The Washington Post reported today on the Yazidis of the Sinjar region, who are now dying and fleeing from fighting between Kurdish factions a mere 2 and a half years after ISIS tried to exterminate their community. The Yazidis welcomed forces aligned with Turkey’s PKK into Sinjar after forces aligned with Iraq’s Kurdistan Regional Government fled the area in advance of the 2014 ISIS invasion, but with ISIS now gone the KRG is trying to kick the rival PKK out of the area, sometimes violently. Baghdad is apparently happy to have the PKK in Sinjar because it provides some counter to the KRG and to Turkey’s presence in northern Iraq.

Iraqi Prime Minister Haider al-Abadi was in Washington on Monday, where he said he got enthusiastic support from Trump for combating ISIS via both military and economic means, and where Trump, hilariously, unveiled yet another in his apparently infinite number of contradictory opinions about the Iraq War.


Syrian state media has reported for two days now that Syrian government and allied forces have rebuffed a Tahrir al-Sham/Faylaq al-Rahman (FSA) assault on Damascus, so that’s why it’s kind of surprising that the rebels are still assaulting Damascus. Not that I’m suggesting anything about Syrian state media, I’m sure they’re all committed to accurate reporting. But the thing is, while the rebels almost certainly can’t actually threaten Damascus, and they probably can’t even achieve their immediate aim of defending the remaining rebel enclaves in the Damascus suburbs, what they’re doing is sending a message. By attacking the city and hanging in there, they’re demonstrating that Bashar al-Assad’s position isn’t nearly as strong as he’d like you to believe. Which isn’t surprising; Assad was losing the war before Russia intervened, and his underlying problem–a lack of military manpower–hasn’t gone away so much as it’s been heavily papered over.

This Damascus operation is also going to do nothing but raise Tahrir al-Sham’s (AKA al-Qaeda’s) profile among the rebel factions, which is good for them but probably not good for anybody else. Now they’ve undertaken a new offensive, this one involving a couple of suicide bombings targeting Syrian government positions just outside of the city of Hama. With peace talks scheduled for Geneva starting Thursday, this is a double-edged sword for the rebels, who find themselves overall in better shape on the ground, but more dependent than ever on the one rebel faction that nearly everybody agrees is worse than Assad.

On Monday, the YPG announced that it had reached an agreement with Russia such that Russia would be able to build a new base in northwestern Syria (also called Afrin) in return for Russian training for YPG fighters. Moscow quickly quashed this talk and said that it was actually opening a “reconciliation center” in Afrin. Either way, the presence of Russian soldiers maybe training the YPG in Afrin is going to make Turkey mad while also possibly preventing its cross-border attacks on the YPG there. The YPG apparently has big plans, with a spokesman telling Reuters that it wants to grow from its current ~60,000 man army to something north of 100,000 (it’s not clear how it plans to achieve this increase, but it may start paying its soldiers more money and it’s also been accused of forced conscription). At the same time, Turkey reportedly brought together a group of some 50 Syrian Arab tribes in Şanlıurfa last week to discuss forming an all-Arab army (under Turkish auspices, of course) that would somehow materialize to take on the Raqqa operation and defeat the YPG in northeastern Syria. Turkey has been trying to form something like this for more than a year, at least, to no effect.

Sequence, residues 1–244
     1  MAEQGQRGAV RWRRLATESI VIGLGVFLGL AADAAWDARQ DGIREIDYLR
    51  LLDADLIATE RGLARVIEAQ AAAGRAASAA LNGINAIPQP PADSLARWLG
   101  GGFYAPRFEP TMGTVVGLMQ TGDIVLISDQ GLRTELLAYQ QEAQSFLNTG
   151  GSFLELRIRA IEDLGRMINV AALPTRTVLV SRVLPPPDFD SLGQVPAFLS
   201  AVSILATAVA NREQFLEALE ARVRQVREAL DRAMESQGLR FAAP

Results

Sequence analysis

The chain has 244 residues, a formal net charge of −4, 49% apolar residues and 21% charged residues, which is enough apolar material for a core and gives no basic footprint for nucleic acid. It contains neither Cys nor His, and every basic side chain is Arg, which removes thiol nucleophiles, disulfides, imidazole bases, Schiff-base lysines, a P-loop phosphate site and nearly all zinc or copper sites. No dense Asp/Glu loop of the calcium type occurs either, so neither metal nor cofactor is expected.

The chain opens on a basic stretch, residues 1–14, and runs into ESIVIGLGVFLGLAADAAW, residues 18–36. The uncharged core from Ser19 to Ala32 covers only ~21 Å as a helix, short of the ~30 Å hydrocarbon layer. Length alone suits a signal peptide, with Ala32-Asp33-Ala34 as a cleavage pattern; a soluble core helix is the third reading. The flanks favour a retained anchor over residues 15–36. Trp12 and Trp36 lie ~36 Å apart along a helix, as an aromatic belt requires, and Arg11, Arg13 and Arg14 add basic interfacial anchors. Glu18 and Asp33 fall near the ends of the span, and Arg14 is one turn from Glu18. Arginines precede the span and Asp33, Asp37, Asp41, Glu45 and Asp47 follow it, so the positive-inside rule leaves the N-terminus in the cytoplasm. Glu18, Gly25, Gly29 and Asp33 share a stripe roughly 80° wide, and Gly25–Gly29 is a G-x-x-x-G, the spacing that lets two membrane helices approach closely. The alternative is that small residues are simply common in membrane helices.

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Conflict update: January 9 2017

Apologies; normally I like to keep things more active around here, but I’m working on a big piece for LobeLog and it’s taking a while to get through it. It’s a long Q&A with a couple of respected foreign policy analysts about the Obama foreign policy legacy. And while you might think that sounds easy, you just type up what they said and you’re done, you haven’t ever seen me try to transcribe anything. It’s pretty brutal. So it’ll probably be another day or so before I send that one off to my editor and, in the meantime, as it was today, it might be a little slow on the blog.


You’ve probably already heard the BREAKING NEWS OMG OMG OMG that an American vessel in the Persian Gulf fired warning shots at a number of small Islamic Revolutionary Guard Corps “fast attack” craft earlier today. This kind of thing happens periodically. Iran claims waters in the Gulf that are beyond internationally recognized boundaries, much as China does in the South China Sea. The US ignores those claims just as it does in the SCS, because the US considers itself the defender of free maritime lanes all around the world. Occasionally, Iranian boats buzz US ships menacingly in the way that my 15 pound Schnoodle barks at the much larger dog who lives next door, separated from her by a very sturdy chain-link fence. It makes them feel good about themselves but almost never amounts to anything serious. That may change in 11 days, when we inaugurate a president who has vowed to destroy Iranian boats in the Gulf if their crews do so much as flip the bird at American sailors. That would, of course, be insane, but “sane” hopped a flight to Aruba sometime in 2015 and I don’t think it’s ever coming back.